In Emotional Contagion in the Workplace – Part I, I wrote about the existence of patterns that can affect productivity in ways that can’t be accurately forecast, and that emotional contagion is one of these patterns. In research published in 2010, researchers from Harvard formally demonstrated that emotions can be thought of as infectious diseases spreading across social networks, including at work. The study looked at being “content” and “discontent” as two viruses, and found that these emotions could be “caught” from others in the social network. Continue reading
Much of the work we do in Strategic Workforce Planning involves taking both internal and external trends, and determining how they might play out for your organisation. Once you’ve done that, you can determine tactics to harness or address these trends to prepare for the best possible future workforce.
Sometimes, there are clear trends happening inside the organisation that are unsustainable – high performers turning over, key skills being lost, etc. Identifying those trends through workforce analytics lets you understand the nature and extent of the problem, and determine strategies for addressing them. By targeting these initiatives to where you need them most, you can ensure that your HR and Talent Management strategies are effective and efficient.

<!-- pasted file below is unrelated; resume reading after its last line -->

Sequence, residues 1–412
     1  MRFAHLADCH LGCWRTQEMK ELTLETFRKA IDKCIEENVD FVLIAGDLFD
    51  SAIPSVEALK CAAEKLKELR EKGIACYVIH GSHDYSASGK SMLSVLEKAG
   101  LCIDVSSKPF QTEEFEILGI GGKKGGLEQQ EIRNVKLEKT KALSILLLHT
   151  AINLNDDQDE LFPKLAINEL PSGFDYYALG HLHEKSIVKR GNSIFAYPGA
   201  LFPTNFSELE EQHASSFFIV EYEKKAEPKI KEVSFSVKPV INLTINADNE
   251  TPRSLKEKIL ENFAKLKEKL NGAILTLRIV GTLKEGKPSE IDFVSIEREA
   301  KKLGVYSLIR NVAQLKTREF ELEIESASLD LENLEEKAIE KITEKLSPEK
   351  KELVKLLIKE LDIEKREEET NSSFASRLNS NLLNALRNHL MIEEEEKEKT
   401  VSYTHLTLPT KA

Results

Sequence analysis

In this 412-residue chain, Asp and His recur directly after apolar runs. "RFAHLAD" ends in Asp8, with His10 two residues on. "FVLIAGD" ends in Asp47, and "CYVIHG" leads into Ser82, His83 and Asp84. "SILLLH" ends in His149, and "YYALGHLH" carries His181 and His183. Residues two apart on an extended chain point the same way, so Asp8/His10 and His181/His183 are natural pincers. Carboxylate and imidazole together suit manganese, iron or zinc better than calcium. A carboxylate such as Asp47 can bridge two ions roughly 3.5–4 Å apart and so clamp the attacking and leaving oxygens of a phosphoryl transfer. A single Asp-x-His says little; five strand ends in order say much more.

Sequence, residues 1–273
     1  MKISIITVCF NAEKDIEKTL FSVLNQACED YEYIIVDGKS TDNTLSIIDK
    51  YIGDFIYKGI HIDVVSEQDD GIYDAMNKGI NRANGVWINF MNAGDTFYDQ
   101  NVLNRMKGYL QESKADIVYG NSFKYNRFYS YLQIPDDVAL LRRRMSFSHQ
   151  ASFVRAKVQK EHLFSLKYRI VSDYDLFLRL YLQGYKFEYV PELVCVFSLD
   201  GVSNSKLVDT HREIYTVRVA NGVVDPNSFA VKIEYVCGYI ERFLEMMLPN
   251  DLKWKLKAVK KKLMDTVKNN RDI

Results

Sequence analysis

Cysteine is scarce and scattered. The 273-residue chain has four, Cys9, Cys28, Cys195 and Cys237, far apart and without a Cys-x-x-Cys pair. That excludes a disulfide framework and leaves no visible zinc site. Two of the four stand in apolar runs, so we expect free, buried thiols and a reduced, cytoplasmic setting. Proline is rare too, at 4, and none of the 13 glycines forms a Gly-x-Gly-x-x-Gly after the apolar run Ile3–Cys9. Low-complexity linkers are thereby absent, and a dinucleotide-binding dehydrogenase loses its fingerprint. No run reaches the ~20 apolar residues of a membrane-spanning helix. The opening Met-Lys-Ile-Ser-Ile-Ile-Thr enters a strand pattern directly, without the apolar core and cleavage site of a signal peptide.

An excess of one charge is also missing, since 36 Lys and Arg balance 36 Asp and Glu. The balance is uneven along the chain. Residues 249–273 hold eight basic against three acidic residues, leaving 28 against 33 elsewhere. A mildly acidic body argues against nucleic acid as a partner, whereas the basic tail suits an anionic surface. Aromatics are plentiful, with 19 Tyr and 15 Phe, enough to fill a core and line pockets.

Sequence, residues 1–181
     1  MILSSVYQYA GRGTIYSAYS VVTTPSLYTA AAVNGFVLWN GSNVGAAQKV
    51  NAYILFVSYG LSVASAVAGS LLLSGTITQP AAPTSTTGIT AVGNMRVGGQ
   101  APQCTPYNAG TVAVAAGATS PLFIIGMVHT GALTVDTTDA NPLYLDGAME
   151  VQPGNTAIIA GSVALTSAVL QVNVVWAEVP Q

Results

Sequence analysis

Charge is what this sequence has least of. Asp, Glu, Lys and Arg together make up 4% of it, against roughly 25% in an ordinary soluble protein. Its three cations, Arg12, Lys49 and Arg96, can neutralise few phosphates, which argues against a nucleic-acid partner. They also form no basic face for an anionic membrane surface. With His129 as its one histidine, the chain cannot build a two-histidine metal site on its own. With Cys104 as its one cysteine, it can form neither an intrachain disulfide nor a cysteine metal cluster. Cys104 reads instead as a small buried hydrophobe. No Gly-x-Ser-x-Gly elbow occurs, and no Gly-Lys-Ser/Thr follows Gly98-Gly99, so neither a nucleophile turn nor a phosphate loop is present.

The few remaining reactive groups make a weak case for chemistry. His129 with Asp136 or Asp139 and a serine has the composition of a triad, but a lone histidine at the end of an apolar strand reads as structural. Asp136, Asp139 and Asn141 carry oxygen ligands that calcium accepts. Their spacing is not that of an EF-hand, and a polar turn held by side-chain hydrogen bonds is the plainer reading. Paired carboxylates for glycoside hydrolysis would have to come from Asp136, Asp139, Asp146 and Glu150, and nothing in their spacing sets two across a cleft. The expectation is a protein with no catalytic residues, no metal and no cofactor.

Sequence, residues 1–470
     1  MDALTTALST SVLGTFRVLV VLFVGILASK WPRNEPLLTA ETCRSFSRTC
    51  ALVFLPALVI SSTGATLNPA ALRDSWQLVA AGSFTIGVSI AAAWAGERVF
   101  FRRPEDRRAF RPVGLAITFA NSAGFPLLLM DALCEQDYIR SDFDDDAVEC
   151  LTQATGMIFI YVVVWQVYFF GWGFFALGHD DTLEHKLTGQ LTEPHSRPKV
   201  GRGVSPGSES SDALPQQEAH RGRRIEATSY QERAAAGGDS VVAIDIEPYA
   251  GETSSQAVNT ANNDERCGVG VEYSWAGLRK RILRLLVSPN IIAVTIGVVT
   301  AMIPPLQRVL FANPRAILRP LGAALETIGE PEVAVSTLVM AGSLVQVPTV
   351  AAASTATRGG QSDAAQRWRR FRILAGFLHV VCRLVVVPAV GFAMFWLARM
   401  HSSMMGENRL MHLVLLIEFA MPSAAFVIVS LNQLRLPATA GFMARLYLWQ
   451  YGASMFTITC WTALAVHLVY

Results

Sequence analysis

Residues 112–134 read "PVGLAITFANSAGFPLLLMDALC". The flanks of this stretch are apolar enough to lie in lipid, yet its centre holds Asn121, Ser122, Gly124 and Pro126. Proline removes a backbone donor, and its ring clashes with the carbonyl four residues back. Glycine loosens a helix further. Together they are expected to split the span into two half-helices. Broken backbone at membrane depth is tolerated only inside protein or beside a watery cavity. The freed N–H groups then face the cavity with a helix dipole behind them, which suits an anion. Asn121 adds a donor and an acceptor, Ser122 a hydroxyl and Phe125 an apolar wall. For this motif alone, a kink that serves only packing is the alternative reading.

On the other side of the coin, workforce analytics and environment scanning help you to recognise opportunities and areas that the organisation is doing well in, so that you can capitalise on those. People who are trained in a particular skillset are 20% more productive? There’s your ROI for the training initiative right there.
One of the key things to recognise in any kind of workforce futuring is that it’s not just about headcount – you need to take into account the skillset and the productivity of the workforce too… and some trends can effect productivity in ways that just can’t be predicted. Key among these is engagement. The good news is that engagement (like many emotions in the workplace) is contagious. The bad news is that disengagement is twice as contagious. Further, trends that are subject to “contagion” have multiplier effects that can’t be accurately forecast. In a coming post, I’ll be talking about the research that supports emotional contagion in the workplace, the implications of this, and what you can do about it. Stay tuned.